Parades & Playoffs

Last night, I sat in the living room to watch the golden state warriors game. (Dub nation – at least, I think that’s what it’s for.) I realized it was the first time I voluntarily watched an NBA game.  My parents turned off the family TV during my kindergarten years; a choice I carried into my adult years, resulting in very little television exposure as an adult.

One evening, Azar and I were sitting in the living room, having a conversation over a glass of wine. She mentioned a celebration in Oakland when the Golden State Warriors won the 2015 NBA Playoffs. I heard the word “Parade” and was instantly excited. At first thought, I thought the parade was akin to something I had seen in Ohio or Texas; a 45-minute spectacle in the street with a donated Corvette from the #RICHART family in Columbus.

As time went by, I began to inquire more about this parade. I learned the Dusty Rhino, a Burning Man art car, would roll down the streets…

There’s something about a parade that appealed to me. When you think about it,  a collection of people coming together to be apart of something much larger than themselves. Fully apart from the parade, while adding to it at the same time. A parade in the streets wouldn’t be much fun without the noise of the crowd. A crowd in the streets is usually a bad thing – unless there’s a parade/celebration.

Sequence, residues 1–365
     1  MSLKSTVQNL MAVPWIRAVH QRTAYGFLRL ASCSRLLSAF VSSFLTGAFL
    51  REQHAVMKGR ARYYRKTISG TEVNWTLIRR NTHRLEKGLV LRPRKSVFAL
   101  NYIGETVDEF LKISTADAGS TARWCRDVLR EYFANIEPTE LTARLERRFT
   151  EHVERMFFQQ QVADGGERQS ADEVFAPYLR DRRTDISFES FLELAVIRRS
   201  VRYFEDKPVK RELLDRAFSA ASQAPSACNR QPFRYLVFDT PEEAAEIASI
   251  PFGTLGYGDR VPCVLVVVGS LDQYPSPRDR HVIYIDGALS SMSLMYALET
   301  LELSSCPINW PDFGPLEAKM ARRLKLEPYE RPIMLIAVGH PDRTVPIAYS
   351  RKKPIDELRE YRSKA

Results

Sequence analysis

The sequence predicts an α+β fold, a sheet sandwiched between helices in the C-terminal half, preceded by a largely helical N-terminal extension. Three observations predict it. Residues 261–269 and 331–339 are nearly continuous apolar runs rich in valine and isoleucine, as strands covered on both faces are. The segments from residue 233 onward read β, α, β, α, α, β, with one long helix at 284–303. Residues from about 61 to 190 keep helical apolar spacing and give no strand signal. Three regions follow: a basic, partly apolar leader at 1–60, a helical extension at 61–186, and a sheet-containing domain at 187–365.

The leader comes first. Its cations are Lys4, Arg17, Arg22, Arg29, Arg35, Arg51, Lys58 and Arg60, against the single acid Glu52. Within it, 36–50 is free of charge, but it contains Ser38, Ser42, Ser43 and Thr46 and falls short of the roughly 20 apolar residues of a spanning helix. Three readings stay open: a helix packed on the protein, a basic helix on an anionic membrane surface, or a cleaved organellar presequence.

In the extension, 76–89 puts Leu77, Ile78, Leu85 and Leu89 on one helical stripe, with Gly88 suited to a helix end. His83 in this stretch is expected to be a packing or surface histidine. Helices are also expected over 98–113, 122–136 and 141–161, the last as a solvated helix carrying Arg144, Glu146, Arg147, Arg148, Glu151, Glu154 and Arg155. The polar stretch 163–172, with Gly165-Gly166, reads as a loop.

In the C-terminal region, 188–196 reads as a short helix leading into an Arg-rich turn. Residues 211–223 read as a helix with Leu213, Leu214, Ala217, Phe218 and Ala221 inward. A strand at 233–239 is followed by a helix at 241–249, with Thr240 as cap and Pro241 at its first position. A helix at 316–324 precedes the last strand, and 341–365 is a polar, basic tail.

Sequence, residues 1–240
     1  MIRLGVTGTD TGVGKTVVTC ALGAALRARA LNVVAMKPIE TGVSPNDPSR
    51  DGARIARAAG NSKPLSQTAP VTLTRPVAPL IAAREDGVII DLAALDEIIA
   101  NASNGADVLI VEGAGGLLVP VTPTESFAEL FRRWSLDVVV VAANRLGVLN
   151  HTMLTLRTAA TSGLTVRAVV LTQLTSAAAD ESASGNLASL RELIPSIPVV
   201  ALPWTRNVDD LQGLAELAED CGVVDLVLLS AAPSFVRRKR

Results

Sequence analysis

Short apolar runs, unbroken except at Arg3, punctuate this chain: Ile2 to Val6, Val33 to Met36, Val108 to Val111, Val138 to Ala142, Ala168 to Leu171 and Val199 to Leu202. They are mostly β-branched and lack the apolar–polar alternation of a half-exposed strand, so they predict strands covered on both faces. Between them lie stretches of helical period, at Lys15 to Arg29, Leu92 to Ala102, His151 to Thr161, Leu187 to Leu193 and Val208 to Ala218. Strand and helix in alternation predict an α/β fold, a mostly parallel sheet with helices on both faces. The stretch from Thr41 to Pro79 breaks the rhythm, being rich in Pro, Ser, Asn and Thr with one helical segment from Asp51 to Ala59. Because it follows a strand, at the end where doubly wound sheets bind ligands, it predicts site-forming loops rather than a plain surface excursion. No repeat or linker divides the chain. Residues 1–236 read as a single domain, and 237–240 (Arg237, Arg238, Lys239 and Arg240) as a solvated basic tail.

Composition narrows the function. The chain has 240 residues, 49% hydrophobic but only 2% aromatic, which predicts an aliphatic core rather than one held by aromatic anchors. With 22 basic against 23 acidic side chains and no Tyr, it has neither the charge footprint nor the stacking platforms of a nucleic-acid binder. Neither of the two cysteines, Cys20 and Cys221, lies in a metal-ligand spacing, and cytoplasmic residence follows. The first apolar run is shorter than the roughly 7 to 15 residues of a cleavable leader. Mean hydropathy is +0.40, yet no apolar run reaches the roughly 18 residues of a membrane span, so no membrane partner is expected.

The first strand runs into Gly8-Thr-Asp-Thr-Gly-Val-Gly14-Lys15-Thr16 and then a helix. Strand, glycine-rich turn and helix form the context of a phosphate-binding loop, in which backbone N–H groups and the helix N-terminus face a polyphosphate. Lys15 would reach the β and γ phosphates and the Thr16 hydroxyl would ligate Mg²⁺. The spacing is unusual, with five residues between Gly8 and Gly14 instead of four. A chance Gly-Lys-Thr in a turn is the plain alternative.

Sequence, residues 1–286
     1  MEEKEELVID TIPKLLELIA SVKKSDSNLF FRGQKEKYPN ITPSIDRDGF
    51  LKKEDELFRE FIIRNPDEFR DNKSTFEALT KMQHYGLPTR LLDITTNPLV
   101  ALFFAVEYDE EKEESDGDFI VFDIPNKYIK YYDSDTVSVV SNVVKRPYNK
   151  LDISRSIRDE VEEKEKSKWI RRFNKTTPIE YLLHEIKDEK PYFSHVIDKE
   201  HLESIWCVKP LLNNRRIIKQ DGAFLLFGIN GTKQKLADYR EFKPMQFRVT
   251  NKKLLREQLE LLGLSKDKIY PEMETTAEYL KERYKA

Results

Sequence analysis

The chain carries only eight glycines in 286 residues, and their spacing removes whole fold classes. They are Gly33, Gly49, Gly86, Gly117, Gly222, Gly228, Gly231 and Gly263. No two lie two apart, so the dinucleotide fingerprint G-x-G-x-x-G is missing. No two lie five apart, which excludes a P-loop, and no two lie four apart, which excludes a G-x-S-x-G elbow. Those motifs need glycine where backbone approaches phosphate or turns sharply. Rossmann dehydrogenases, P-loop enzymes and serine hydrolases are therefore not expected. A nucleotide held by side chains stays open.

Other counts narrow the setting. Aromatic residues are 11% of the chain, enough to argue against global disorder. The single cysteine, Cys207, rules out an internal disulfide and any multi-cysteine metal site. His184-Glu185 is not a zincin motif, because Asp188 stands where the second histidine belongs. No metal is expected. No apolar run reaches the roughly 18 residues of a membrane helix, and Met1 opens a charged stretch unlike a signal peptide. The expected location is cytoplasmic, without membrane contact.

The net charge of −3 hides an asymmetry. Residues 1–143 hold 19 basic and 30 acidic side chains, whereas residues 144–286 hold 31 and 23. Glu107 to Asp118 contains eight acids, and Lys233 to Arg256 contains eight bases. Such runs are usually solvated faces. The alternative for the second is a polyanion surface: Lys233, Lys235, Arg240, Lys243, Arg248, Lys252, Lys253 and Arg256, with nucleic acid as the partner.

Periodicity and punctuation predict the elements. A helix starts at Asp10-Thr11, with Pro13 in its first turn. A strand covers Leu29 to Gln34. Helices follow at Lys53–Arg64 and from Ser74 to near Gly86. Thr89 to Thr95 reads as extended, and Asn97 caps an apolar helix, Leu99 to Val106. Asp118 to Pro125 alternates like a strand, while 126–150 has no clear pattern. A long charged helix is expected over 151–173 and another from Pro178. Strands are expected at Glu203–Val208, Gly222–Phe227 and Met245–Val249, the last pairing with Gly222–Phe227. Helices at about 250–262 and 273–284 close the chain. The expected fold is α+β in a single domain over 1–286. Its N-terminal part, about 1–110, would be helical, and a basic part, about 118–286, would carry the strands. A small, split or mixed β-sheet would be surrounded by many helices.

Back to sports…

Prior to the expectation of a parade, my outlook on sports likened them to watching a game of Pong; the blip goes from one side to another, amidst cheers and overpriced floor seats. Thus, I have never been able to hold my attention in sports conversations. I’d rather drool at the sky than see another beer commercial.

Yet, I found myself becoming more interested in sports with the prospect of having a parade stroll down the street. My excitement increased when I learned over 1,000,000 people showed up in 2015.

I think the moral of this story is that knowledge and understanding have a powerful way of bridging differences. I have found fear to be a destructive element that prevents us from loving and accepting each other. In my case, I felt shy during sports conversations, as I couldn’t tell you a single stat, MVP, or championship title in the last ten years (though I did work for Lenny Dykstra…).

Perhaps you don’t know everything about sports – or maybe you don’t feel as if you bring something to the table when connecting with others – I am sure there’s a parade out there that excites you and will bridge new connections in your life.

Go Warriors!

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